Fall Photos

It's that time of year again!  Time to send in your 'Signs of Fall' photos for our Eyewitness News Morning show!  Whether it be the changing colors of the leaves, a family outing at the local pumpkin patch, fall harvest or your fall decorations we want your fall pictures!  Send in your photos to: and I'll feature them on the morning news! 
Don't forget you'll be able to see all the pictures we receive just by clicking on the 'Signs of Fall' image on the right hand side of the blog!

Thursday, September 26, 2013

Gearing Up For Fall Colors

We received one of our first fall color pics this week and it won't be long until we start seeing a lot more changing colors across the Stateline.

So when is our typical peak? For the Stateline, it's mid October. Upstate Wisconsin usually sees its peak in early October, and is already seeing some leaves start to change.

With that being said, make sure to send in your fall foliage pics when you start taking them! Our e-mail is Thanks in advance! -BA

Latest drought update

The latest drought monitor is out from the National Drought Mitigation Center and continues to show persistent drought conditions across Illinois and Wisconsin.  The numbers from last week to this week haven't changed much.  Wisconsin has seen a slight decrease in numbers, but Illinois has experienced a slight increase.  Moderate drought conditions have expanded into Carroll, Whitside and Lee counties while severe drought conditions have expanded into southwestern Whiteside County.

A little rain would be nice but looking out over the next week to week in a half and it doesn't appear like that will happen.  The next chance for rain will occur with the passage of a cool front Saturday and Saturday night.  After that, it looks dry until the end of next week.

Let's talk a little bit about what's needed to alleviate drought conditions.  Heavy rainfall, from say a thunderstorm, produces a significant amount of rain usually in a short amount of time.  While the rain is nice, the nature of how quickly it's coming down doesn't allow time for the rain to actually soak into the ground.  Instead, the rain runs off and if heavy enough can cause flooding.  When it does start to get dry a soaking rain, like the one we had a couple weeks ago, is what usually is the most effective.  Even though it makes for a dreary day the rain is able to soak into the ground and replenish the water table rather than run off right away.  Of course, if it's a heavy rain that continues all day then that can cause some problems as well.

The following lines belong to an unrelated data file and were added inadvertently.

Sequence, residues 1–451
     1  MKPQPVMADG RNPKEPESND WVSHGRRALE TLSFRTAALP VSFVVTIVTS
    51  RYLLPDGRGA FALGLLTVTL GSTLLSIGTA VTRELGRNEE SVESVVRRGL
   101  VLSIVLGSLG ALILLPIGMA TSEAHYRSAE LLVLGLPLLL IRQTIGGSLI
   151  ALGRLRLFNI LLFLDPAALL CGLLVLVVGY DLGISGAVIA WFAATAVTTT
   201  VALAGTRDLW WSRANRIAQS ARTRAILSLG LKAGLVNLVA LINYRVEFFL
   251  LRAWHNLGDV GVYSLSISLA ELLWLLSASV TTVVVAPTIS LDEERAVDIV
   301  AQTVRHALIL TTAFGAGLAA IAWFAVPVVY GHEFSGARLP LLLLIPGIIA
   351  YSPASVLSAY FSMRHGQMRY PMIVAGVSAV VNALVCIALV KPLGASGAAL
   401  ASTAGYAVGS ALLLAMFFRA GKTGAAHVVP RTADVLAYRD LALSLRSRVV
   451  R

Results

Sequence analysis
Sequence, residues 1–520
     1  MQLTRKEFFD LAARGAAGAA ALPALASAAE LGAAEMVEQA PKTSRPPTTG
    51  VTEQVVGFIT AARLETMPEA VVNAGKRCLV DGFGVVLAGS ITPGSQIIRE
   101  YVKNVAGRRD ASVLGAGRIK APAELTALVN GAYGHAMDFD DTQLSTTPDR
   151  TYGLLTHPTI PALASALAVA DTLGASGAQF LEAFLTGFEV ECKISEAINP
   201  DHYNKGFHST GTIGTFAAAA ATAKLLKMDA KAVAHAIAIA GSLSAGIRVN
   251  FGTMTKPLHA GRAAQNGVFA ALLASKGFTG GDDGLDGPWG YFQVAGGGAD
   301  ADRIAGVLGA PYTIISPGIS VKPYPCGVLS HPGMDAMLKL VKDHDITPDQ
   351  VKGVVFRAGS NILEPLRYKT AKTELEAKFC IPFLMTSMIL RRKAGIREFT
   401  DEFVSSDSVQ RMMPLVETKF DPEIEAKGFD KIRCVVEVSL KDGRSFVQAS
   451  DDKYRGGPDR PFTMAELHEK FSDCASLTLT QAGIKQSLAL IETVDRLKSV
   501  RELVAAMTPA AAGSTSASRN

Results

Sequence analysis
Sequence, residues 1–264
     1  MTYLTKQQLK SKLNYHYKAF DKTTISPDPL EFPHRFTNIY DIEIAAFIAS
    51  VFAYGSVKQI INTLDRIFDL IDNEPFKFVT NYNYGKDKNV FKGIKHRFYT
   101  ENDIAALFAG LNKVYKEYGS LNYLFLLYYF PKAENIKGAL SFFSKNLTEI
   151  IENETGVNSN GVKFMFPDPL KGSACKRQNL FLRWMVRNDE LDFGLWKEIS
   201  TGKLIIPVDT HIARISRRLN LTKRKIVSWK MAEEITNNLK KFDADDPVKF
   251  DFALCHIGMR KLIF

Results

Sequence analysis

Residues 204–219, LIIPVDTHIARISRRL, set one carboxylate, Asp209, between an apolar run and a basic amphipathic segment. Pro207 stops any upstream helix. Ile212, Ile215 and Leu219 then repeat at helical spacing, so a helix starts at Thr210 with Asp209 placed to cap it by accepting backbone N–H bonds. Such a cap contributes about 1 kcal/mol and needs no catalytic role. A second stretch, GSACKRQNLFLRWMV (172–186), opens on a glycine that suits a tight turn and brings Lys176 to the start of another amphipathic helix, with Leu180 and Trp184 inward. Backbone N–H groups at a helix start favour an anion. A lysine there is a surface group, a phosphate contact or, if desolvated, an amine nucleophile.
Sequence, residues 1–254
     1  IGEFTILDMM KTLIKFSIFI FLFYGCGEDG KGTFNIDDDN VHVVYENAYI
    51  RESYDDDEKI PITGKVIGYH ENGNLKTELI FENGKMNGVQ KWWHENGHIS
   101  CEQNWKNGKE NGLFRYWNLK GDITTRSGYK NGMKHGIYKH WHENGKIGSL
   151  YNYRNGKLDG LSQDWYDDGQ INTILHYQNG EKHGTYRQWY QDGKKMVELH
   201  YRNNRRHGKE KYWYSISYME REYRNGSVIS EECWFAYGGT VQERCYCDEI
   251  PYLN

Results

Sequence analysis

Wednesday, September 25, 2013

Is Fall Taking A Break?

So far, the first week of fall has been picture perfect, but a warm-up over the coming days will make it feel more like late summer across the Stateline.

Here's a look at the temperature trend over the next seven days. As you can see, above average temps will be the norm for at least a week.

So when are we going to get our first cool snap of the fall season? If you believe some of the long range models, it could be the first weekend of October. The jet stream takes a big dip, allowing much cooler air to work its way into the Stateline.

With a forecast this far out, things are bound to change, so this scenario should be looked at with a lot of skepticism. That being said, we'll continue to keep an eye out for some potentially chilly temps next weekend. -BA

Satellites Show Transition Into Fall

It's amazing what non-weather things satellites can see sometimes. The image below comes from the National Weather Service office in Wilmington, Ohio. It shows the harvest in progress across the Ohio Valley. Pretty neat, right? -BA

Dense fog early Wednesday morning

Light winds and clear skies have allowed areas of dense fog to develop early Wednesday morning.  A Dense Fog Advisory has been issued for Green, Rock and Walworth counties until 9am.  Visibility is dropping to less than a quarter mile in a few locations.  Give yourself a little extra time this morning but look for the fog to dissipate shortly after sunrise.

Tuesday, September 24, 2013

Rainfall supply running short - Little rain expected this week